Japan’s next generation is saying no to study opportunities abroad, with the latest government figures telling us that after six continuous years of decline, the number of Japanese international students is at a 15-year low.
by Henry Watts
As China, Korea and India continue to lead global figures in cosmopolitan education, the situation in Japan raises concerns over a revival of its age-old reputation as an inward-facing nation. So, what is at the root of the problem?
There is a correlation, admittedly one that doesn’t prove causation, between the first year the so-called “yutori generation” reached university (2005) and the numbers of Japanese international students starting to decline.
The policy of Yutori Education, or “pressure-free education” was introduced in the 90s (and discontinued since), cutting school hours by 10% and the curriculum by 30% in order – it was hoped – to produce more well-rounded children who would be unsullied by academic rigour and competition. It even changed the value of pi in primary school textbooks to “about three”! Some commentators have blamed it for a drop in academic standards, as well as for its having produced unambitious and unmotivated students who, among other things, are less willing to test themselves in foreign environments.
Recent trends in employment could also be a factor. With companies turning increasingly away from more expensive, highly-protected, life-time employment (seishain) and towards cheaper, less-protected, contractual employment (keiyakushain), the stakes have been raised for Japanese students entering domestic job markets in the hope of securing sought after but scarcely available lifetime work.
This has arguably had the effect of turning studying abroad into something of an unwelcome distraction, especially when there is a lack of career support available to Japanese international students, and when “studying in an overseas university offers no benefit to job-hunting in Japan”, as a survey by Genron NPO, a policy think tank, found to be the second most common reason (46.2%) for the lack of interest.
It is true that studying abroad has not traditionally been considered an employable attribute in Japan, since Japanese companies have long preferred “blank canvas” new recruits who are easily moldable and trainable into the desired company image. Unlike the “ready-made labour force” that Americans, for example, present themselves as, Japanese students form, to borrow from author and anthropologist Chie Nakane, a “potential labour” force that relies on companies for tutelage but whose lack of experience is by no means a disadvantage.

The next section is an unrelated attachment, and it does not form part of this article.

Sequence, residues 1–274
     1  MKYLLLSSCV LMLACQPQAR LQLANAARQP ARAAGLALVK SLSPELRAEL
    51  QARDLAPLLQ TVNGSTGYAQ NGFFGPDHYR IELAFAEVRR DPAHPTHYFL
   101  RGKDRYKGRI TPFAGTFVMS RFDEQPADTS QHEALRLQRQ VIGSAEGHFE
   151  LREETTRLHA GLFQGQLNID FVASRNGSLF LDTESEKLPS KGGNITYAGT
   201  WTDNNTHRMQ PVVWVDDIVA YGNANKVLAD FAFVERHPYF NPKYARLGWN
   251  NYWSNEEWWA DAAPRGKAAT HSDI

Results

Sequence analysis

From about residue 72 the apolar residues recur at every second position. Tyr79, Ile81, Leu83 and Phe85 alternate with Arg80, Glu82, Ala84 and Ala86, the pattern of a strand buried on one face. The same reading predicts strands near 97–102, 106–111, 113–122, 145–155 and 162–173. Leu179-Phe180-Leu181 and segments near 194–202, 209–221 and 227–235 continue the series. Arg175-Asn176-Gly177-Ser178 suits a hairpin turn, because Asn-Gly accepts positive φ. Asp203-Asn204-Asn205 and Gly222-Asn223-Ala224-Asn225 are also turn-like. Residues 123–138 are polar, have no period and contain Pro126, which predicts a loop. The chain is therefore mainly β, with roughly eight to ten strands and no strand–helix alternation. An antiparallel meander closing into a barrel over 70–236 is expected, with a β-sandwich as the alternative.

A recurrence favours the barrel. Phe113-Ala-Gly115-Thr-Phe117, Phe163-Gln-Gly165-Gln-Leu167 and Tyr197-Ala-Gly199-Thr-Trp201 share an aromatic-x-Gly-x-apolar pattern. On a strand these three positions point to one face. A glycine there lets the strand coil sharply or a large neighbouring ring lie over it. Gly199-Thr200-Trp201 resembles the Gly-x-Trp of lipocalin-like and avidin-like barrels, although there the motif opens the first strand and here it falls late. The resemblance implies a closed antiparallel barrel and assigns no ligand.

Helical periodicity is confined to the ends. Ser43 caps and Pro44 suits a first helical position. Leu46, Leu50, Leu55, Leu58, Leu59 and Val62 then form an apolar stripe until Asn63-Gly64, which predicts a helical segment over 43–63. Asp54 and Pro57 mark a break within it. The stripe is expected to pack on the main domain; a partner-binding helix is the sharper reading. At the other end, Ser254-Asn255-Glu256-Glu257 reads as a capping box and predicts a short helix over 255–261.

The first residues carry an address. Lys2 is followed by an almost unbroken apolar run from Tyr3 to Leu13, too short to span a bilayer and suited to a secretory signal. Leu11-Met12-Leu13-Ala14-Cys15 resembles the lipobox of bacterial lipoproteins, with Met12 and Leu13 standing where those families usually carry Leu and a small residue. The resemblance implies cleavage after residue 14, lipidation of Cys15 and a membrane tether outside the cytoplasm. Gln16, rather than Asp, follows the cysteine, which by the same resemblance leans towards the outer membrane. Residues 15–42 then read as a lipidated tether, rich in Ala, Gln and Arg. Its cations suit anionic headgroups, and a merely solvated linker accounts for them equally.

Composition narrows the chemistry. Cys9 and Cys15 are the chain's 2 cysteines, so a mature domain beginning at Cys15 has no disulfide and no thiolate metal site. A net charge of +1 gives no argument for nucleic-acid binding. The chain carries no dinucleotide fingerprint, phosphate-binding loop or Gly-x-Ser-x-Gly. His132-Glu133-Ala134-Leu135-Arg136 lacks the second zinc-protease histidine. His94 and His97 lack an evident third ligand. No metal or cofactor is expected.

The rich experience of studying abroad appears to offer little practical gain in Japan and thus justifying its price tag becomes a struggle.
Daiki Kumano, a business student at Rikkyo University, thinks conversely that there is plenty to be gained from studying abroad and enough appetite in the job market for students with such experience. He says, though, that the “traditional” character of his university actively discourages wander-lusting students like himself from studying abroad. “Senior professors said we should prioritize job-hunting … and take part in an internship program instead,” Daiki says. He has instead, though, opted to take his chances in Seattle.
The path to work in Japan is indeed very narrow and one-dimensional – precisely why study abroad students cannot get the support they need. Nanami Fukuda, who came back to Japan after studying for four years at a university in England, says she “felt left out of the system.”
“The job-hunting madness hit me when I came back,” she says. “It was like a culture shock. I was completely removed from the job-hunting process that everybody goes through at Japanese universities, and had to find a job on my own. And the longer I spent looking for a job, the more it looked to interviewers like I was doing nothing.”
Other paths to work may conceivably be forged when employers look to initiatives such the Trans-Pacific Partnership (TPP) and step up efforts to recruit young Japanese with international skills. Then, labour markets will liberalise and become more fluid, and job seekers, in the long run, will be forced to pitch themselves more as self-reliant ‘ready-made labour’ and less as moldable ‘potential labour’.
Efforts to globalize, such as those undertaken recently by Rakuten and Uniqlo (speaking English in the boardroom, for example), will seem rather cosmetic unless educational institutions overturn the kind of structural bias and marginalization that Daiki, Nanami and others like them have faced.
Aside from the obvious need for more access to information, more scholarships and more careers support for students, universities might also consider more forcefully bringing their academic calendars in line with most other countries and changing enrolment to autumn, as Tokyo University has half-achieved.
Above all, Japanese universities could really use a more robust liberal tradition – one that can break the inertia of the last several years and promote the rewards of study abroad.
A country is only as good as its young, and if that generation is inward looking, then so too must be the institutions that helped to shape it.